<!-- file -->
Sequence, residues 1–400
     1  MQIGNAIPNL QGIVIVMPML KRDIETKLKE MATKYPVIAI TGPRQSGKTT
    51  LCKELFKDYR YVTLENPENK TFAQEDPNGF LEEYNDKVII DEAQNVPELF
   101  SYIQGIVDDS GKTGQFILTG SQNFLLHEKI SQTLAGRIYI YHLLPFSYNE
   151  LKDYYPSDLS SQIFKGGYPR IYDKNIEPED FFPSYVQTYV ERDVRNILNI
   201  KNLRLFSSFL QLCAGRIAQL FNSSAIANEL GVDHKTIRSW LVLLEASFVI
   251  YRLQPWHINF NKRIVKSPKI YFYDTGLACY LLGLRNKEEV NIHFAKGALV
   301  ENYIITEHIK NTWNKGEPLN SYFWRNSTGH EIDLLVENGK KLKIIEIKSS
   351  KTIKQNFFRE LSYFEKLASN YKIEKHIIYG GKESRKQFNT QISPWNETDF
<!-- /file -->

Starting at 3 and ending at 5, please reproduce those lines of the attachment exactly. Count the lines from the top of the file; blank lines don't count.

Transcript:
    51  LCKELFKDYR YVTLENPENK TFAQEDPNGF LEEYNDKVII DEAQNVPELF
   101  SYIQGIVDDS GKTGQFILTG SQNFLLHEKI SQTLAGRIYI YHLLPFSYNE
   151  LKDYYPSDLS SQIFKGGYPR IYDKNIEPED FFPSYVQTYV ERDVRNILNI